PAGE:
Pinterest (PINS), on the other hand, surged following its Q3 earnings release. The company also noted a likely foreign exchange headwind in Q4. “Our current expectation is that Q4 2022 revenue will grow mid-single digits on a year-over-year percentage basis, which takes into account slightly greater foreign exchange headwinds than in Q3 2022. We expect our Q4 2022 non-GAAP operating expenses to grow low double digits percent quarter-over-quarter.”


Edward Jones analyst David Heger downgraded Meta Platforms to Hold from Buy following the Q3 earnings report. While Meta is executing relatively well in the difficult macroeconomic environment and continues to steadily grow users across its platforms, Heger is concerned about how long the growing metaverse investment will take to deliver a sufficient return, the analyst told investors in a research note. Better-than-expected results or a decline in the metaverse investment could be positive for shares, but Heger feels shares are appropriately valued given the uncertainty of both.

Stifel analyst Mark Kelley called the Q3 report from Pinterest “a rare bright spot thus far through earnings season,” highlighting the company’s stabilizing user base, positive engagement trends and an outlook for Q4 that was “also slightly ahead of the Street.” Though management’s noting that October is tracking to the low-end of the guidance range may “cause some to worry a bit,” he notes that the team believes the back-ended nature of the quarter should advance the business and that the company continues to expect margin improvement in 2023, said Kelley. He maintained his rating on Pinterest shares, arguing its appropriate to stay on the sidelines as he weighs “what appears to be near-certain margin improvement story relative to an environment where ad budgets are increasingly under the microscope.”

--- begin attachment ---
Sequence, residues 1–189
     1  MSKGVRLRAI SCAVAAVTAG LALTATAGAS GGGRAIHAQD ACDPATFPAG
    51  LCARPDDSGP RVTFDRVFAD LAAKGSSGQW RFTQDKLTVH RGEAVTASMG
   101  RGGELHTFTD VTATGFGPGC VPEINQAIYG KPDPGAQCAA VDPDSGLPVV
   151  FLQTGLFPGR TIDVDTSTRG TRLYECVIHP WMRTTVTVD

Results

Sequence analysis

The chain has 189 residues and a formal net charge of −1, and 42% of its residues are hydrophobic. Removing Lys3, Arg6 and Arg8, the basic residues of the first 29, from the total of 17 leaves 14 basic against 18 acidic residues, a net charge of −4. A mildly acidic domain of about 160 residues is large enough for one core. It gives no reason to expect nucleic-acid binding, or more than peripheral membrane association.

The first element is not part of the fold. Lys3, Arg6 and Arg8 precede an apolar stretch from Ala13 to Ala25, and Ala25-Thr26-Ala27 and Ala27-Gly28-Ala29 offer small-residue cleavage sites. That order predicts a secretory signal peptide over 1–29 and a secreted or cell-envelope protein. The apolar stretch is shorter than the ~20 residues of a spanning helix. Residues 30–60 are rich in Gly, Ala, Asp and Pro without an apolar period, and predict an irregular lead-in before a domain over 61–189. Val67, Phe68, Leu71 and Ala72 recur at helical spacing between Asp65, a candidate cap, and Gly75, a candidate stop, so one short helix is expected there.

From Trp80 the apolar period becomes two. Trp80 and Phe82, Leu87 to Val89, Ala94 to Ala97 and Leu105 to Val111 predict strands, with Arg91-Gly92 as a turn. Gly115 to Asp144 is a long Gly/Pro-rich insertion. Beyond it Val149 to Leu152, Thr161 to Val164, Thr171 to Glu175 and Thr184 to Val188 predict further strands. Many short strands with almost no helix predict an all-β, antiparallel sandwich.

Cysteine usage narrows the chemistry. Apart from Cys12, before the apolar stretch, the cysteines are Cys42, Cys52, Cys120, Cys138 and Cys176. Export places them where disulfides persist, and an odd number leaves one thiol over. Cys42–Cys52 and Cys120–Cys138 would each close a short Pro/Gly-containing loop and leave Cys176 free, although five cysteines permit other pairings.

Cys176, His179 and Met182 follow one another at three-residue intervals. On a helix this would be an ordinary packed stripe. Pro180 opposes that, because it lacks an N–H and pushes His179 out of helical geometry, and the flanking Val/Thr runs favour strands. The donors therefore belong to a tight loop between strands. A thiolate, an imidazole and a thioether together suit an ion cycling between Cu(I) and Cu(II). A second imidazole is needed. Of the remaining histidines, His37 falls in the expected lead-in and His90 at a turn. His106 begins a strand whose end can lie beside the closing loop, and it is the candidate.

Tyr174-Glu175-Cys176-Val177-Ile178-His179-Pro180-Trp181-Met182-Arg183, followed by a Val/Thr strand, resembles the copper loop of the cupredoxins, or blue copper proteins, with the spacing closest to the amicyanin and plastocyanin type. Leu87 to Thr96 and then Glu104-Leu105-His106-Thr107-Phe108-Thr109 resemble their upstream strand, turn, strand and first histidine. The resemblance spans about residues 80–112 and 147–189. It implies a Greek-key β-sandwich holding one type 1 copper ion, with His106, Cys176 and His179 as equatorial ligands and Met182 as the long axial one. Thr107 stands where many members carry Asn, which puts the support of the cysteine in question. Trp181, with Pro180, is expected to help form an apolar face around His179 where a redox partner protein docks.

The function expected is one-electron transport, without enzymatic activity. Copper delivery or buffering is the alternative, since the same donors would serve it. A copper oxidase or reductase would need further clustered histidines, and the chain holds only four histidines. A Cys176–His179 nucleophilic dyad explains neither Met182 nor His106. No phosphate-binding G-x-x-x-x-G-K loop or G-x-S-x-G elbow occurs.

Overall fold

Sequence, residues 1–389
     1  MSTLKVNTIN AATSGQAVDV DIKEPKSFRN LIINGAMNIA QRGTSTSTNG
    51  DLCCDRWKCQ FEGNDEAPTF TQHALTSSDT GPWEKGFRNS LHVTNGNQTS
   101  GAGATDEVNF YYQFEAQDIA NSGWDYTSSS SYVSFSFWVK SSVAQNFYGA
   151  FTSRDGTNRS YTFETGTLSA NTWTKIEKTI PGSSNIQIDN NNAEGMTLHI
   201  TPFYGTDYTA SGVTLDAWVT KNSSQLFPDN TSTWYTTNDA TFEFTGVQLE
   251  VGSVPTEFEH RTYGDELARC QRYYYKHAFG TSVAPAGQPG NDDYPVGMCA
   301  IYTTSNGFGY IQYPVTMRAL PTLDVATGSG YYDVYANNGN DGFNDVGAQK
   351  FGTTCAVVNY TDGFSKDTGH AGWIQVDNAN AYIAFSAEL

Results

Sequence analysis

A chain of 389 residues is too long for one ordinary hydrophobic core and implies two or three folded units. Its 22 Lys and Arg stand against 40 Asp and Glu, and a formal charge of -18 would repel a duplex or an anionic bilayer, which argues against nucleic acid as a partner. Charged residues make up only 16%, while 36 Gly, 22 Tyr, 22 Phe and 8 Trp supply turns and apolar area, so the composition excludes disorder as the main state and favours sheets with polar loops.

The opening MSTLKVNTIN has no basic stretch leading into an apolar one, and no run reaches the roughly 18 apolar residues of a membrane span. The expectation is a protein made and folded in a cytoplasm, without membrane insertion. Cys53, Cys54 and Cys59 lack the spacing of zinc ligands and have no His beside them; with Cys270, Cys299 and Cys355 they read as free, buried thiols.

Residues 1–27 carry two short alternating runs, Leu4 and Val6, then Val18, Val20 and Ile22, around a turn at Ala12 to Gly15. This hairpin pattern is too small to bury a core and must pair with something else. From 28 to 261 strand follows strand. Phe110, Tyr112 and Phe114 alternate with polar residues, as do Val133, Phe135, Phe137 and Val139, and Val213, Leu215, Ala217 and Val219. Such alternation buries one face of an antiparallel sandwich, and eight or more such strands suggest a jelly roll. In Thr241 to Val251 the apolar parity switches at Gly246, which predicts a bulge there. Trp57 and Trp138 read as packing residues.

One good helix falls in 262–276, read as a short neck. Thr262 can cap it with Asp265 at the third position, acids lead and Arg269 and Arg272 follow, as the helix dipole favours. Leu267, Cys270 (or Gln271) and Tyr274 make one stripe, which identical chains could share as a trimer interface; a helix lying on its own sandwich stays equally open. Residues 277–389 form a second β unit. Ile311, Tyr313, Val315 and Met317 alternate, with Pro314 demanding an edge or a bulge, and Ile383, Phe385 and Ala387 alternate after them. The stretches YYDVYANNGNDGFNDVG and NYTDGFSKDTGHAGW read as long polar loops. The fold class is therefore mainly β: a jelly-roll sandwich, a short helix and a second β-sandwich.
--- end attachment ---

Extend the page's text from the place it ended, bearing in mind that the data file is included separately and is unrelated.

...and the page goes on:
Tigress Financial analyst Ivan Feinseth lowered the firm’s price target on Meta Platforms. The analyst cites a re-rating of valuation but views the recent pullback in price as a major buying opportunity as total daily and monthly active users continue to grow, and the Metaverse will emerge as a long-term growth driver. Feinseth also believes that increasing strength in Reels, Messenger, and WhatsApp will continue to accelerate Business Performance trends, and ongoing Metaverse investment and development will drive significant long-term shareholder value creation.

Piper Sandler analyst Thomas Champion lowered the firm’s price target on Pinterest and kept his rating on the shares following the Q1 results. The company’s monthly active users were again lower, but the smallest quarter-over-quarter decline since Q2 of 2021 and we’re one quarter away from an easier Q3 compare, Champion tells investors in a research note. The analyst sees this as a “constructive quarter for Pinterest, rest, with clearer messaging and likely one quarter closer to a turn in the user trajectory.”

Originally Posted November 2, 2022 – #SocialStocks: Tracking the lasest news from Twitter after Musk’s takeover